(2) The GOP in the General Assembly will present a more unified face on tax-and-spending issues, in marked departure to the fractious years of the Chichester era, in which genuine conservatives like House Speaker William J. Howell made compromises on tax-and-spending decisions that badly tarnished the GOP’s brand of fiscal conservatism.

(3) Republicans will present voters with a much clearer alternative to the Democrats than they did over the past six years. After years of bitter infighting and compromise, which blurred ideological distinctions and positioned Democrats as the party of responsible, effective leadership in government, the GOP could emerge reinvigorated.

Those predictions may be no more than wishful thinking. As a former Republican who abandoned the party, which I felt had abandoned me, I may be yearning for the good old days. Meanwhile, I still worry that Republicans, like the Democrats, are captive to special business interests. (See my comments in “Who Rules Virginia?”) Also, I am terrified that a reinvigorated GOP may get more militant on culture-war issues that I regard as a distraction to the more pressing challenges of meeting the challenges of globalization and the emerging Knowledge Economy. Still, a guy can always hope, can’t he?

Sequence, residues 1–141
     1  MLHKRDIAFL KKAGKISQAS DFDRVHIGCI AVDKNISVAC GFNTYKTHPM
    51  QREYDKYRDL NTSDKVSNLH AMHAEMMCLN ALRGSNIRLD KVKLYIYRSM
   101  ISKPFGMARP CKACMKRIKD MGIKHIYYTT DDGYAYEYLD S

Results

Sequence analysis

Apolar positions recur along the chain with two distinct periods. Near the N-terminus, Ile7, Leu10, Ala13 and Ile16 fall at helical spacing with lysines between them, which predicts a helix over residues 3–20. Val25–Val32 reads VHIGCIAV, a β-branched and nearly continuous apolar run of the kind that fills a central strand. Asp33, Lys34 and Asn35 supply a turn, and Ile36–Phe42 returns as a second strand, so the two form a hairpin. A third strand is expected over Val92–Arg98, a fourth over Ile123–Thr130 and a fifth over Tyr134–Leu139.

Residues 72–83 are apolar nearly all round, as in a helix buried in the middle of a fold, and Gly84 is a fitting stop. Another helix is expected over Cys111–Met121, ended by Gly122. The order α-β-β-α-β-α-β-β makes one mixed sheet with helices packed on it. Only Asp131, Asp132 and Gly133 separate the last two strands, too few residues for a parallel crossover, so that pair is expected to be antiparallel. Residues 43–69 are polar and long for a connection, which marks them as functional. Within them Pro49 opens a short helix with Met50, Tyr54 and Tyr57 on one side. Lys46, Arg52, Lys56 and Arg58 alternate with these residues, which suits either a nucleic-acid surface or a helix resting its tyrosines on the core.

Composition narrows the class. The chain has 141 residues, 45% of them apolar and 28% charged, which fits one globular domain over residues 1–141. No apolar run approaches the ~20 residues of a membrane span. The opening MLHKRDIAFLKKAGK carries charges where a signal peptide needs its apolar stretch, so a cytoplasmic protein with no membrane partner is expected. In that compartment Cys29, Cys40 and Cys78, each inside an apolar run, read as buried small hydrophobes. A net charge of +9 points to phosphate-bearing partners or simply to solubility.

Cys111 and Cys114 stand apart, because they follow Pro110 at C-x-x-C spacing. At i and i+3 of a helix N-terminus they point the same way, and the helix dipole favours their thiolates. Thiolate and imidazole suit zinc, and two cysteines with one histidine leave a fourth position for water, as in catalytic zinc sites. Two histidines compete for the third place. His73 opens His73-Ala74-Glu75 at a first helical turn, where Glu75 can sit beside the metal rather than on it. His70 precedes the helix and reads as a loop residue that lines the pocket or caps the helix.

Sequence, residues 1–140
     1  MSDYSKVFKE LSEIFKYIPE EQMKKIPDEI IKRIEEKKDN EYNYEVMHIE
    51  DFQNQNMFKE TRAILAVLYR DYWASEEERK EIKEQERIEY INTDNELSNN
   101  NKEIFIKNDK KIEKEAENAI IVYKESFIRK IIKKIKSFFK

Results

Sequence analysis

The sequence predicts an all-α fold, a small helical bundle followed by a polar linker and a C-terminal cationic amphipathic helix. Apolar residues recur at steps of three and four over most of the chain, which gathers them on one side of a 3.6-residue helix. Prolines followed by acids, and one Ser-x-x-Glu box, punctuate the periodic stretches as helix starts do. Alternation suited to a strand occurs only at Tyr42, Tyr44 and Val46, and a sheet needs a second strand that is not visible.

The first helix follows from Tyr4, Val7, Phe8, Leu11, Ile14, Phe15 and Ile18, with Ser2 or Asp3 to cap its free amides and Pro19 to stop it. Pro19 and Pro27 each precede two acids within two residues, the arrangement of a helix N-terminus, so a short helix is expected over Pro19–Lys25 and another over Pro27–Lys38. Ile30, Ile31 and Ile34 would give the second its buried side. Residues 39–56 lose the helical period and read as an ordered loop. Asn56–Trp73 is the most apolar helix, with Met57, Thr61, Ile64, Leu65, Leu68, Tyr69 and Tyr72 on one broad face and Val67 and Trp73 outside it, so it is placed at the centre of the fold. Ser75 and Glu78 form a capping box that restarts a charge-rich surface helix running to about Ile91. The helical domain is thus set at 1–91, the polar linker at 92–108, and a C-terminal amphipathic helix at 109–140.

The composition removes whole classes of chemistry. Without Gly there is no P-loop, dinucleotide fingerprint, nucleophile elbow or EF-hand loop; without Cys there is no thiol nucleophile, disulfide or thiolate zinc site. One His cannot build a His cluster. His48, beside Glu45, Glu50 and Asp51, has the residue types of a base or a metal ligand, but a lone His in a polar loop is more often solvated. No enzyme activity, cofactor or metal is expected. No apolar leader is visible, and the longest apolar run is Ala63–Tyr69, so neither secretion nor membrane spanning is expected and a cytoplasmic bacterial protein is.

Update: More pressure on Stosch. SWAC Girl notes that Sen. Mark Obenshain, R-Harrisonburg, has joined the ranks of those calling for a change in Senate leadership. In a Nov. 13 letter, he wrote:

Since I joined the Senate, our leadership has consistently divided Republican ranks. Examples abound, including doing battle with House Republicans, dissolving the joint Republican Legislative Caucus, the functional dissolution of the Senate Republican Caucus and the establishment of the Republican Senate Leadership Trust.

It is imperative that we immediately refocus our attention on the ideas that brought the Republican Party to power in the 1990s. We must look for common ground, not just with a majority of our colleagues in the Senate, but also with our colleagues in the House. Towards that end, we must immediately move to reestablish the Joint Republican Legislative Caucus.

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9 responses to “Republican Realignment in the Post-Chichester Era”